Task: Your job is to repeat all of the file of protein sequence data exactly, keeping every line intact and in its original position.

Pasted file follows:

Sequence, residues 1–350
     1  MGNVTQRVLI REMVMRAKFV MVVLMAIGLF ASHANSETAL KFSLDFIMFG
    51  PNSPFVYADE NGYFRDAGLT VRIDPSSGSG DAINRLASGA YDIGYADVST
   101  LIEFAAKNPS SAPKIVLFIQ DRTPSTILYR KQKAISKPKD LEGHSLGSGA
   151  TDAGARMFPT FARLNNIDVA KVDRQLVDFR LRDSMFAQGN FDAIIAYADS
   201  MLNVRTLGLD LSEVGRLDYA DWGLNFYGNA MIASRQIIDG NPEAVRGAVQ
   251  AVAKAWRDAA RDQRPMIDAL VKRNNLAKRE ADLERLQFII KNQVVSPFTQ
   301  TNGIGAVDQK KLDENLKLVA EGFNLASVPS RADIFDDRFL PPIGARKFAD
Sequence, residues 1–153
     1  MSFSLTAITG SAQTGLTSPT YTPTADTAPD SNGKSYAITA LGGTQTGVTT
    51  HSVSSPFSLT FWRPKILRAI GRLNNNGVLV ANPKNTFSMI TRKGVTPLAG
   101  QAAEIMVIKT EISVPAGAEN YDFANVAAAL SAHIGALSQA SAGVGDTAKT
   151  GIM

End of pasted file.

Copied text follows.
Sequence, residues 1–350
     1  MGNVTQRVLI REMVMRAKFV MVVLMAIGLF ASHANSETAL KFSLDFIMFG
    51  PNSPFVYADE NGYFRDAGLT VRIDPSSGSG DAINRLASGA YDIGYADVST
   101  LIEFAAKNPS SAPKIVLFIQ DRTPSTILYR KQKAISKPKD LEGHSLGSGA
   151  TDAGARMFPT FARLNNIDVA KVDRQLVDFR LRDSMFAQGN FDAIIAYADS
   201  MLNVRTLGLD LSEVGRLDYA DWGLNFYGNA MIASRQIIDG NPEAVRGAVQ
   251  AVAKAWRDAA RDQRPMIDAL VKRNNLAKRE ADLERLQFII KNQVVSPFTQ
   301  TNGIGAVDQK KLDENLKLVA EGFNLASVPS RADIFDDRFL PPIGARKFAD
Sequence, residues 1–153
     1  MSFSLTAITG SAQTGLTSPT YTPTADTAPD SNGKSYAITA LGGTQTGVTT
    51  HSVSSPFSLT FWRPKILRAI GRLNNNGVLV ANPKNTFSMI TRKGVTPLAG
   101  QAAEIMVIKT EISVPAGAEN YDFANVAAAL SAHIGALSQA SAGVGDTAKT
   151  GIM